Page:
September 10, 2012

Made 4 Math: Reteaching Solving Equations

Last week in algebra 1, we spent the week learning how to solve equations. I gave the students a quiz on Friday, and as I graded them, I realized some re-teaching needed to be done.

Today I spent the day reviewing how to solve equations using a different method than I did last week. I used this worksheet to help me (I found it online, so I can't take full credit). The first page is all two-step equations. In the first column, I had students translate the math phrases to English. In the middle column, I told students that solving equations is kind of like opening a gift (first someone puts your gift in a box, wraps it up, and ties it with ribbon...then you untie the ribbon, rip off the wrapping, and take the gift out of the box).

Side note: I got the gift wrapping idea from Danica McKellar. I've only read parts of the book, but I plan to do a #MyFavoriteFriday on all of her books as I finish each one.

Back to review, the gift wrapping idea helped! They finally started to see that if we have 3x + 5 = 10, we do the last operation being done to x first. Reverse order of operations. It FINALLY started to click. One student told me it's like you're doing "bottoms up", sure. So in the middle column in addition to writing the inverse operation, I had them write what number goes with the operation. So 3x + 5= 10 would be (1) minus 5 and (2) divide by 3. Last column, they solved.

I created the second page, and they got the hang of this after re-explaining that we do distributing and combining like terms to help us make the equations look like the ones from the first page. For the second page, I only made them solve in the third column.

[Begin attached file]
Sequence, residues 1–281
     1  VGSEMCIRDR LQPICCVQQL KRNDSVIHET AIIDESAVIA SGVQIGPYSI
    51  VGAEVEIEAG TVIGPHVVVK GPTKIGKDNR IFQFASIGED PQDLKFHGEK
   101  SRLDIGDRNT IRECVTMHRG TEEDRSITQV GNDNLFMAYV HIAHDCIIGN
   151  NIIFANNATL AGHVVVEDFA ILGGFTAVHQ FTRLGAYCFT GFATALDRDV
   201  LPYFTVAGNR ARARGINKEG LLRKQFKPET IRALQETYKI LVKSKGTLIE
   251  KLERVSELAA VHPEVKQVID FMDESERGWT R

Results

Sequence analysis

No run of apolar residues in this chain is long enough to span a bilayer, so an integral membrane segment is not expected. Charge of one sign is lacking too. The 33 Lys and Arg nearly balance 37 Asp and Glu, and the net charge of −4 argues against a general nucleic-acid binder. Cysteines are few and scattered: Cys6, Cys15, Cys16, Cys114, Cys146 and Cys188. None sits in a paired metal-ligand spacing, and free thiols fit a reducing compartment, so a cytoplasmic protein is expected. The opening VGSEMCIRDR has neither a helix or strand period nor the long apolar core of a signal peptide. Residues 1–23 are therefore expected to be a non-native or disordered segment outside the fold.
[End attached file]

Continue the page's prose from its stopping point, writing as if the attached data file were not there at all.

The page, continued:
I think writing out the steps helped my students the most, so next year I will probably start with this activity first when I begin this unit. I think it will really help me have fewer headaches.

Hope this helps!


  1. I am also teaching Algebra 1 and 2 in my second year of teaching! That worksheet is awesome! Last year I taught solving equations like undoing the order of operations/ working it backwards, but I never thought to have the students write out the steps (inverse operations). I think this would definitely help them visualize the process. I will definitely use this! Keep up the good work!

    1. YAY! So nice to meet you! I look forward to reading about your second year journey. We'll be able to help each other! :)

  2. This is exactly what I was looking for! Thanks so much!